Monday, November 17, 2014

Talon Review

Julie Kagawa's oeuvre has really been filling out in the past few years.  She has twelve novels published so far, comprising of three series. 

 Her first, The Iron Fey, is well respected in the reading community.  It's seen as a minor hidden gem. A pleasant surprise if you stumble across it.  There's even an undercurrent of cult following. (Insomuch as books can have cult followings.)  Definitely not bad for a first series. 

Then came Blood of Eden, and Kagawa hit the mainstream and found success. For the most part, most readers found this series superior to The Iron Fey, and excitement started growing around Kagawa as an emerging author.  

So, prior to its release, readers have been speculating over Talon, her first offering of her newest series, and whether the book would top Blood of Eden. The results came in and... ouch. The book has been pretty much universally panned. And now, I'm going to continue the hate parade. 

Talon is a huge step backwards for Kagawa.  The progress we saw between her first series and her second has regressed.  I've been trying to pin it down, and I've concluded that the main issue with Talon is its overly light and casual tone combined with the fantastic (in regards to "fantasy") subject matter. We have a teenage dragon who is in hiding in her human form. Okay.  She loves to surf and hang out at the Smoothie Hut. No.

Part of the issue is that I can't take the plot seriously when it involves a dragon's discovery of mango smoothies.  Free from the mall-rat elements — and yes, the characters do take a visit to the mall — I might have been able to get behind the plot.  

Basically, dragons exist, but they're in hiding, as they're hunted down by a secret society of soldiers, called the Order of St. George.  When dragons are teenagers, they're sent by their secret society, Talon, to get some real world experience and be assessed to determine their dragon-y profession.  In Talon, Ember and her brother Dante are sent by Talon to Southern California.  However, matters are complicated when the Order of St. George gets a bead on their location and sends their own teenagers to sniff the dragons out and destroy them.

If you're rolling your eyes at the summary, imagine reading the book.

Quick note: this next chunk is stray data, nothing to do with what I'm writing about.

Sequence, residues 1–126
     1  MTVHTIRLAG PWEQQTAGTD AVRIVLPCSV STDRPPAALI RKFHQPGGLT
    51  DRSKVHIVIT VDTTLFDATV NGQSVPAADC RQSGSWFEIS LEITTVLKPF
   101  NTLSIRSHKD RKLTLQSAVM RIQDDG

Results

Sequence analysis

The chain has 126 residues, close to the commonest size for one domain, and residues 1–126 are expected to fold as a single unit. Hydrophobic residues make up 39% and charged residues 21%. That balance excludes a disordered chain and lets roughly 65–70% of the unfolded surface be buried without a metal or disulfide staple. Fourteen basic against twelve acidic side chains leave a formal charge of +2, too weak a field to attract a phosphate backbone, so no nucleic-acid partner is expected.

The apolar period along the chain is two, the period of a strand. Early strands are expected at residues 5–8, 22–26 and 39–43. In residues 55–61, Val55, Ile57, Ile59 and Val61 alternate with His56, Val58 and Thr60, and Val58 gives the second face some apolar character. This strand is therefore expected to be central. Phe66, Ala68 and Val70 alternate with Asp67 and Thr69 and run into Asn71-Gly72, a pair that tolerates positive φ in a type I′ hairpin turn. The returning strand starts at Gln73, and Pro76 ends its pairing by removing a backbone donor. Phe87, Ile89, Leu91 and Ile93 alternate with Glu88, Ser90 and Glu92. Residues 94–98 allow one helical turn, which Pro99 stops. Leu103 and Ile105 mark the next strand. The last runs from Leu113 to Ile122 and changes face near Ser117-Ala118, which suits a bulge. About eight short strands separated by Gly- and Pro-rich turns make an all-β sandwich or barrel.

My other main complaint, is the horrible, horrible characterization of one of the love interests — Garrett. (Disclaimer: I'm going to cease being erudite in the slightest and just rant now.) We know he's a big, tough guy from the get-go because of his lexicon — completely stiff and overburdened with words like 1400, vehicle, M-16, caliber, Glock, rounds, position, Bravo, objective, combat, civilians, soldier, mission, sir.  Garrett is a caricature.  Instead of being alluring, he becomes laughable, especially as it's revealed that he's emotionally moronic.  Here's a small sample:

She smiled, and I felt a weird twist in the pit of my stomach. Odd.
When she’d first looked at me on the beach, my entire body had seized up for a moment, something I’d never experienced before.
 What wasn’t familiar was the way my skin prickled when Ember smiled at me, the odd pulling sensation in my stomach when her gaze met mine. The way my throat was suddenly dry as she walked away, her lithe body swaying as she broke into an easy jog, loping down the sidewalk. 
 I noticed her cheeks were slightly pink as she drew back, and felt the heat radiating from my own skin. Embarrassment or...something else? I hadn’t been around many civilians, certainly not many females my own age. 

Garrett's character is so emotionally repressed he's ridiculous. He's wound up tight enough where I thought he'd explode at any moment and start stabbing people. This clip encapsulates my opinion of this "romantic hero" perfectly:

Overall, I give the book two north stars out of five.  I'm not sure that I'll be checking out book two, Rogue.  I'll have to wait and see what other reviewers think.  However, it is my official recommendation that you leave Talon on the shelf and find a better book to read.


  1. First of all love the new blog look!! Secondly the setting to Talon really confuses me. California and mango smoothies.... huh?!? I thought this was set in a fantasy world......

    1. Thanks! And yes, the setting is peculiar. I seldom like it when classic myths and and folklore are brought into a modern setting. Kendare Blakes latest, Antigoddess, had me feeling the same way. An exception to this is Kiersten White's Paranormalcy series.

  2. I flipped through the book at the library and decided that it wasn't for me. I wasn't a huge fan of her Iron Fey series though, so I wasn't too heartbroken over this :P.

    1. Yeah, it was kind of a mess. Have you read Blood of Eden? It's her best series by far. It had some issues, but I legitimately enjoyed it.

      Also, always nice to see you here! :)

    2. I haven't actually heard too much about it, but I shall add that to my list :).

    3. Yikes! I love recommending books, but I get some jitters when I make recommendations to reader's whose tastes I admire!

  3. I'm glad I didn't bite. Gareett sounds robotic...maybe he is a robot? I mean, if you can create a dragon who has a penchant for mango smoothies, then what's stopping Kagawa from inserting this major character twist?! The possibilities are endless! Endless, I tell you!